The journey to Cape Flattery, (aka the northwestern-most point of the contiguous US) feels like a journey to the edge of the world. As you travel the narrow, curvy road past a smattering of small towns teetering on bluffs overlooking the coast, you can’t help but marvel at the fact that for centuries humans have called this land home.
After passing through the tiny coastal community of Neah Bay where fishing boats appear to outnumber people, the road jogs left and meanders along for a few more miles before dead-ending at the very far corner of the Olympic Peninsula. It is here that a jagged spit of land called Cape Flattery juts out into the Pacific. Famed for its designation as the Northwestern-most point of the US (excluding Alaska), you can expect a full parking lot, even mid-week on a chilly, gray afternoon.
The trail to the Cape is short and not particularly strenuous, although the somewhat precarious wooden boardwalks require careful footing. We stopped along the way to gaze out on the rugged coastline before climbing the final viewing platform at the tip of the cape.
Cape Flattery is a long drive from anywhere. Which is why instead of making it a day trip, we spent a whole week in Neah Bay at the oceanside Hobuck Beach Resort. This place gets good reviews online, but the truth is that without the ocean view, it doesn’t have much going for it.
In other words, don’t let the name fool you…there is nothing even remotely resort-like about this place. There’s a big open field where you can park for $25 a night, or ten full hook-ups sites squished together in a dirt lot with a smattering of picnic tables and seemingly random piles of rocks used as fire pits (some in the middle of the sites). The hook-ups are shared with neighboring sites, meaning every other rig is facing the opposite direction so you get the pleasure of sharing a front yard with a bunch of strangers. Or, your neighbors will pull in the wrong way and open their big-ass slide only leaving a few feet between it and your front door. In other words, the campground itself is kind of a shit show.
BUT, and this is big but, the ocean is right there. I mean right in front of you. The long stretch of beach with nothing but sand and ocean goes a long way toward making up for the less than stellar camping conditions.
The visibility was very, very low during the first few days of our stay. Thick fog combined with smoke that had drifted south from the fires raging in B.C. made for a few days of eerie beach walks where you could barely see anything.
While the fog did lift periodically, the smoke was with us all week making for some interesting looking skies.
The fog and unhealthy smoke-filled air kept us close to home for most of the week. Well, that and the chilly temps combined with frequent drizzle. I used to think that the heartiest people were those who lived in climates with cold winters. After spending time on the WA coast I’ve revised that opinion and now think that anyone who lives here year-round is the heartiest of them all. I mean, it might be frigidly cold six months out of the year in New England and the upper Midwest, but at least the sun comes out more than once every two weeks.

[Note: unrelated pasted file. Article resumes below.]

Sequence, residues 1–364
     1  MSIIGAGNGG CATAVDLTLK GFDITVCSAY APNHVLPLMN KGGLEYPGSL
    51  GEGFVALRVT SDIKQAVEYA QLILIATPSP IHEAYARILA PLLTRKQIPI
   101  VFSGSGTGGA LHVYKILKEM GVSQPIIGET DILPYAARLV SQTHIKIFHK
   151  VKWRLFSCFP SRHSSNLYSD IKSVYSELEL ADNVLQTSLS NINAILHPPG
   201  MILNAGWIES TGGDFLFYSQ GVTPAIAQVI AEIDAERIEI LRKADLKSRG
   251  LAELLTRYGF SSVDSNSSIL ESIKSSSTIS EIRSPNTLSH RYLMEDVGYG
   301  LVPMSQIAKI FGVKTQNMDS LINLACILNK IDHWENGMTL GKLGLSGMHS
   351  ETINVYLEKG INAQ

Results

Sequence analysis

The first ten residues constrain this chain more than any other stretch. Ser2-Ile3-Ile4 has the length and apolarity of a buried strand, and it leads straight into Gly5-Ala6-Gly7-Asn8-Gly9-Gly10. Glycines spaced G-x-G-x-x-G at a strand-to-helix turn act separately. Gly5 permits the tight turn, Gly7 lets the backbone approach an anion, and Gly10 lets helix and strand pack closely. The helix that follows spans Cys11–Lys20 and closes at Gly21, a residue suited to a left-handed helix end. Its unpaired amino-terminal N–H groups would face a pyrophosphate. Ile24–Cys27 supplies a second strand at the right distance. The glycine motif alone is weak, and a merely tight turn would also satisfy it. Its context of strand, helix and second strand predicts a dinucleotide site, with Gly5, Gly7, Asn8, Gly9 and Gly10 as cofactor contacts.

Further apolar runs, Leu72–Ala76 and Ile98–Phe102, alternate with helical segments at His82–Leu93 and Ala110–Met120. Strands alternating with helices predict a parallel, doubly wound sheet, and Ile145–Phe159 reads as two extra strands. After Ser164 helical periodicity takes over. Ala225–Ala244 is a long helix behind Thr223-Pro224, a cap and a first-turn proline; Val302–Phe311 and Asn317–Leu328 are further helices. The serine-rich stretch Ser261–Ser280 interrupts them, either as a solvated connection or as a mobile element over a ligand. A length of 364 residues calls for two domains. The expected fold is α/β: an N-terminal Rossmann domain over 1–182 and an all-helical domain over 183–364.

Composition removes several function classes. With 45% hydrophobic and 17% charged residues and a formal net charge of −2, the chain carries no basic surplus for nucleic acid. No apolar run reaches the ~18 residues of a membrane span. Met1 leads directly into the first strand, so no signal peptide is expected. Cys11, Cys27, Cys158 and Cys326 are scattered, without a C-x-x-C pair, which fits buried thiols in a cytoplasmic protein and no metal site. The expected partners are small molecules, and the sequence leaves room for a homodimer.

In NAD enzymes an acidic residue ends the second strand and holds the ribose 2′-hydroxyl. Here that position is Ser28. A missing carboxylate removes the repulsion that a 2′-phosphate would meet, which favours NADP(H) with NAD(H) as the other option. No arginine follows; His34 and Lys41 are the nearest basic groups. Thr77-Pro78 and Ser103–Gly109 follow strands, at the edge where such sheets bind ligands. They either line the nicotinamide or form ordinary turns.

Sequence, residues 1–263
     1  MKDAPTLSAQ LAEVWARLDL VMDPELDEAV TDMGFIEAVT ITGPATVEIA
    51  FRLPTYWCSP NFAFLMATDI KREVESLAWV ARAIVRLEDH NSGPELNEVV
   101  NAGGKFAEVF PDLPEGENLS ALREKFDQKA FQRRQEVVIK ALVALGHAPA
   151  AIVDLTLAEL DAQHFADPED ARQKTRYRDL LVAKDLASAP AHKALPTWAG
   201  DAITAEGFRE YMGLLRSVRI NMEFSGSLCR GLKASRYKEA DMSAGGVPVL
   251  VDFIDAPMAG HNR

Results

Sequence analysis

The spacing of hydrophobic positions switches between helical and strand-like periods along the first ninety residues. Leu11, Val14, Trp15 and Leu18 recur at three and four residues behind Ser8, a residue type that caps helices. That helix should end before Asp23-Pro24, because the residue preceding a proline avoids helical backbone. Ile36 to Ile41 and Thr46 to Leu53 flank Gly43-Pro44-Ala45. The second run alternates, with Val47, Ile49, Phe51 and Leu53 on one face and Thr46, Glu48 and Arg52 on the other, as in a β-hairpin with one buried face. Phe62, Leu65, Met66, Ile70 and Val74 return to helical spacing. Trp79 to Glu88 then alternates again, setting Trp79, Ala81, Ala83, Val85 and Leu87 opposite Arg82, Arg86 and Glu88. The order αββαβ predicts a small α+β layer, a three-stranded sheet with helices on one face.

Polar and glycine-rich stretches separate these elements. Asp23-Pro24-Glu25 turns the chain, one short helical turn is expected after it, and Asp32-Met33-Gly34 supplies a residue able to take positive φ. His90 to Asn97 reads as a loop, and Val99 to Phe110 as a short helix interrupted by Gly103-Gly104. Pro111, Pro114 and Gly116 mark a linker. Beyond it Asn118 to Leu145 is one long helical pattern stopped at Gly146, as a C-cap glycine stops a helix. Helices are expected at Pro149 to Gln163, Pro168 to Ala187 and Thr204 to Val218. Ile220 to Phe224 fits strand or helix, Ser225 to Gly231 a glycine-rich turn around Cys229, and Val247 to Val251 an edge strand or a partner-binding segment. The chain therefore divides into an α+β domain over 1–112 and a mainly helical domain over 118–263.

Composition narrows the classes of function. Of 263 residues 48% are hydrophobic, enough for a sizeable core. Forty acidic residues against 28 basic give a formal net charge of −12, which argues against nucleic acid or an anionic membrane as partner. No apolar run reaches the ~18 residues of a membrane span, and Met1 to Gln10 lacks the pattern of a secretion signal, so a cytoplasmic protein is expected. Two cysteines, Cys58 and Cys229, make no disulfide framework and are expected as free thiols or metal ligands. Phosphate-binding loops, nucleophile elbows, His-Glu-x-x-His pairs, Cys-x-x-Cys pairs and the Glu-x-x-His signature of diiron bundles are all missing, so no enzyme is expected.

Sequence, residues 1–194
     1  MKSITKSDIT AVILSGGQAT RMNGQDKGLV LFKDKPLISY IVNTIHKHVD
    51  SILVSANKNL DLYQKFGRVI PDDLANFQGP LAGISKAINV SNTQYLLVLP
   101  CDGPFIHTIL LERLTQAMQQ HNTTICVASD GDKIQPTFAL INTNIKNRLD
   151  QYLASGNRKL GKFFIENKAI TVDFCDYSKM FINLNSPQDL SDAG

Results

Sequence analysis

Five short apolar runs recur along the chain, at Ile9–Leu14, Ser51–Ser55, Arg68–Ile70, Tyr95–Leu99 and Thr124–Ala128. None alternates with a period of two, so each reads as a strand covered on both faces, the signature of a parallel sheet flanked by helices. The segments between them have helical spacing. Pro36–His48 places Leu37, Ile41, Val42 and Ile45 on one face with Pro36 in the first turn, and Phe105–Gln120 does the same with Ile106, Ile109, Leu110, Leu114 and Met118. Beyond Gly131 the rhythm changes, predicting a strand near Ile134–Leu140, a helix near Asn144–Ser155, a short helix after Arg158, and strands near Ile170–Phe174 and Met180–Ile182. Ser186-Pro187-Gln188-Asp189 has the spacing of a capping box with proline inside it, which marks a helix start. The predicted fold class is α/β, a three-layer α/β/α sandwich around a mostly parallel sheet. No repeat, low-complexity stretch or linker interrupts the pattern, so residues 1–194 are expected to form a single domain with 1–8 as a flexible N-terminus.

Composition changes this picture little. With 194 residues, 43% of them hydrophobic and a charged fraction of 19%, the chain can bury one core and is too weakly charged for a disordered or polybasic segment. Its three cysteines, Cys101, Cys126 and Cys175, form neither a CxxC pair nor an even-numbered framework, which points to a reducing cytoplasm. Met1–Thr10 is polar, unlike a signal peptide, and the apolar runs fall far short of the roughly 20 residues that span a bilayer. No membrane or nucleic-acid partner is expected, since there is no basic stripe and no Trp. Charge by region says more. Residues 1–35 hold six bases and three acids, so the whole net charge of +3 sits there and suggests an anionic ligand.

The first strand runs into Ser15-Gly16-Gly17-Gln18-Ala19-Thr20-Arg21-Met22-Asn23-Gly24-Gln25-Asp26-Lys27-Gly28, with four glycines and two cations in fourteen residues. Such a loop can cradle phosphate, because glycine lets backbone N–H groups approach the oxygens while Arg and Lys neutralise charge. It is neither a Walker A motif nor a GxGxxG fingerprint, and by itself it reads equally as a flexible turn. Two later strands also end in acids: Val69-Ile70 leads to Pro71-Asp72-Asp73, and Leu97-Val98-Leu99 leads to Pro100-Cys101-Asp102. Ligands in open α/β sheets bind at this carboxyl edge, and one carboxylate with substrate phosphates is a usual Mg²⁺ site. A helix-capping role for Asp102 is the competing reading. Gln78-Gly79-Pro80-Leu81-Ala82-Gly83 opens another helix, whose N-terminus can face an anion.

Despite my complaints, we had a pretty nice week and when the weather allowed, enjoyed a few fun outings around the area. One of those was a walk on Shi Shi Beach. So many people recommended this beach that we simply could not pass it up. Like many of the beaches on the Peninsula, Shi Shi is only accessible via a hike through the forest. It’s about two miles from the parking lot to the beach. Most of the walk is on an easy path with the occasional wooden boardwalk along with some muddy areas. At the end, we climbed down a very steep set of stairs, pushed through some thick undergrowth and there it was…another amazing beach.
Shi Shi is part of the Olympic National Park and marks the northernmost end of the Great Coastal Trail. Earlier in the summer, we had been planning a multi-day backpacking trip starting from here and ending at Ozette Lake. But for various reasons, it fell through and we settled on some day hikes along the trail instead. Hopefully, we can make the trip work next summer because you can only see so much during an out and back day trip.
As this was a mid-week, after-work kind of adventure we only made it a few miles down the beach. It was enough to decide that we need to come back here and explore more!
Another day we drove a few miles over to Neah Bay to check out the street fair that was part of the annual Makah Days. Turned out to be mostly food vendors along with a few booths selling trinkets. Since we were not in the market for either trinkets or food we walked over to the marina to see the fishing boats. I find a working harbor such as this so much more interesting than one filled with pleasure boats. As someone who gave up fishing at the age of 8 (the dead fish flopping around in the bottom of the boat did me in), I am not sure exactly what draws me to these boats. Maybe it’s the mystery of it all. The giant nets, coils of line, and endless amount of rigging along with other things I have no names for are simply fascinating.
Chances are high that we will make it back here next summer for the long anticipated backpacking trip. Fingers crossed that we can time it to avoid the worst of the wildfire smoke season.